If the box-art photo of that poor little Camaro is accurate, in MY mind, it's about as good as a Palmer kit, as far as building a scale-model of the real car goes. I can also see it could be useful as the basis of a custom, a funny-car, something....but not as a scale-model of a production Camaro.

 

And I'm sure it's just fine for a lot of average, casual modelers.

 

But I think if we, as the more knowledgeable builders and critics of kits, if we fail to harp on glaring errors when they're made, with the hope that someone in the management loop is listening, we're doing a dis-service to the hobby and the industry.


Edited by Ace-Garageguy, 09 March 2013 - 02:27 PM.


#188 Greg Myers

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Posted 09 March 2013 - 12:34 PM

If the box-art photo of that poor little Camaro is accurate, in MY mind, it's about as good as a Palmer kit, as far as building a scale-model of the real car goes. I can also see it could be useful as the basis of a custom, a funny-car, something....but not as a scale-model of a production Camaro.

 

And I'm sure it's just fine for a lot of average, casual modelers.

 

But I think if we, as the more knowledgeable builders and critics of kits, fail to harp on glaring errors when they're made, with the hope that someone in the management loop is listening, we're doing a dis-service to the hobby and the industry.

and ourselves.



#189 Craig Irwin

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Posted 09 March 2013 - 01:25 PM

When I first got back into modeling about 25 years ago the first 2 models I bought were the Monogram 69 Camaro and 56 Chevy because I had owned actual ones. Both were so inacurate I put them back into the box unbuilt. It's only Revells new 69 Camaro comming out that talked me into a second try in modeling. Wrong don't make it with me, but I have improved to where I can fix most things that bother me.



#190 MAGNUM4342

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Posted 09 March 2013 - 01:30 PM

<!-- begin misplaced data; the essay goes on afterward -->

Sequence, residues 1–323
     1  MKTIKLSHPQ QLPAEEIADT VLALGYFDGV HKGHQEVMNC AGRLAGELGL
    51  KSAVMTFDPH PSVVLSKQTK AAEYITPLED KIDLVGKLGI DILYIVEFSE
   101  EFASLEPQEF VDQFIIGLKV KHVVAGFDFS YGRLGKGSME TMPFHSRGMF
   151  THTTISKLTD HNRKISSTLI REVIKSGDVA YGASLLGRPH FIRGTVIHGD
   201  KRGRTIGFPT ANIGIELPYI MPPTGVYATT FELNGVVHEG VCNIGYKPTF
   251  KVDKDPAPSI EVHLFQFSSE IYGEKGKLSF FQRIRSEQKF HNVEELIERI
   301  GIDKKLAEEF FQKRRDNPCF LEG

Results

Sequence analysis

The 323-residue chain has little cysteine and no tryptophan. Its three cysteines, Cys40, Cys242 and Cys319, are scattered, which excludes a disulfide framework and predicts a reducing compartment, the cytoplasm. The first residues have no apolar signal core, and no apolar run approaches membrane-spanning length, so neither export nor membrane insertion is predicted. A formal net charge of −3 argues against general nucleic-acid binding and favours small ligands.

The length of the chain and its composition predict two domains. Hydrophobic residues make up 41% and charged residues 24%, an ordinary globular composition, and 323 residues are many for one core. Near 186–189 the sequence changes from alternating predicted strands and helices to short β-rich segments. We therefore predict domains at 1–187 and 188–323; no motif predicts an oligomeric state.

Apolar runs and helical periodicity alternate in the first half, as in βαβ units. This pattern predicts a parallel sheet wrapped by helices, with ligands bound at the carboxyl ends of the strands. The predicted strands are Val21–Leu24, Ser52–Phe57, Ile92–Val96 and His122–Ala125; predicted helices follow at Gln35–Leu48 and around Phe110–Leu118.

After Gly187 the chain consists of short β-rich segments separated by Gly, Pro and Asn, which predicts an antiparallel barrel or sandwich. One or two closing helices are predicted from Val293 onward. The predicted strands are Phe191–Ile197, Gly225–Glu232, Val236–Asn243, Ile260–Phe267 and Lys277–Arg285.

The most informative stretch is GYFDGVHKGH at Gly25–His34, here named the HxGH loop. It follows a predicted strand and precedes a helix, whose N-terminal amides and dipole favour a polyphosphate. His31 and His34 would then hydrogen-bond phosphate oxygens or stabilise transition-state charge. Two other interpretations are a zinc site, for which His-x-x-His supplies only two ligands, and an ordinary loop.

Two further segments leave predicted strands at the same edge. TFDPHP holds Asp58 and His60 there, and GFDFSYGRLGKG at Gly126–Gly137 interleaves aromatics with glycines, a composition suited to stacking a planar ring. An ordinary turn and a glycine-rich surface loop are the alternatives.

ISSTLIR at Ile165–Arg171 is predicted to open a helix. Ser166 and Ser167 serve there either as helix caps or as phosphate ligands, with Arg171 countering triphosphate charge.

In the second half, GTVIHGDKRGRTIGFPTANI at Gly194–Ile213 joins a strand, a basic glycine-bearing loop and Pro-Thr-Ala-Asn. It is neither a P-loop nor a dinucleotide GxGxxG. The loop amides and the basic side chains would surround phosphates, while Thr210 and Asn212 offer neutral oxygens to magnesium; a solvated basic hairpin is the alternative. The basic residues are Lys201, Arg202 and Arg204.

Wow! If the pic of that Camaro is accurate it looks to me almost as if it were photographed through a fisheye lens. With the exception of a huge honkin blower thru the hood it could almost be a zinger!



#191 Brett Barrow

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Posted 09 March 2013 - 01:53 PM

 

 

Every time I bring up the topic of GROSS, un-acceptable in-accuracies, the topic goes off in the direction of "artistic license", "fooling the eye", "ecomomics of business", etc. etc. I was responding to the general lack of dealing with the topic I was stressing, which for some reason a lot of folks refuse to acknowledge.

 

Minor in-accuracies and tooling-necessities are fine. I have to make how-good-is-good-enough decisions for my own work, juggling multiple factors, daily, hourly. I get it. If I make a 4" mistake, that's not good-enough, and it shouldn't be good-enough anywhere.

 

As it stands, I've got an engine from the Dodge Magnum kit that's useless to me, because in my tiny little myopic rivet-counter mind, it's trash and I won't use it in anything. I build SCALE models, or pretty damm close. SO, I'll have second and third thoughts about ever buying a Revell release again. I paid twenty-something bucks for the damm kit, which said it was 1/25 scale. They lied. Only some of it is.

What do you want me to do?  I know Ed Sexton at Revell, head of R&D, you want me to find out who was responsible for that error in the Magnum kit and see that they're properly flogged for the mistake?  

 

Seriously, you've got people in the business trying to explain the business side of things.  Sorry if that's not good enough for you. I just sell these things for a living, sorry if the folks who actually are employed in the industry don't take it as seriously as you do.

 

You want to point out that the emperor has no clothes? Go ahead. Just don't get pissed off when 99.9% of the rest of the board says "we know that and we don't care".



#192 Greg Myers

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Posted 09 March 2013 - 02:05 PM

Brett, maybe if you'd tone it down a bit. You come across as a know it all. Give a little. There are others here that have been in this hobby a long time in one from or another with just the same knowledge and expertise as you purport to have. ;)



#193 lordairgtar

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Posted 09 March 2013 - 02:09 PM

 

Stamp and coin collecting are hardly "dead or dying" hobbies. They're probably among the most popular hobbies in the world.

 

Collecting dust, on the other hand... not a lot of people into that, but as far as cheap hobbies go, you can't beat it!

Or saving ear wax



#194 Craig Irwin

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Posted 09 March 2013 - 02:15 PM

Think about Revells 70 AAR 'Cuda, two botched attempts that were torn apart on the forums and in print. Finaly we get an all new tool all of these years later. I can only guess that "poor sales" of a subject that should have done well may have inspired Revell to try again.


Edited by Craig Irwin, 09 March 2013 - 02:16 PM.


#195 lordairgtar

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Posted 09 March 2013 - 02:31 PM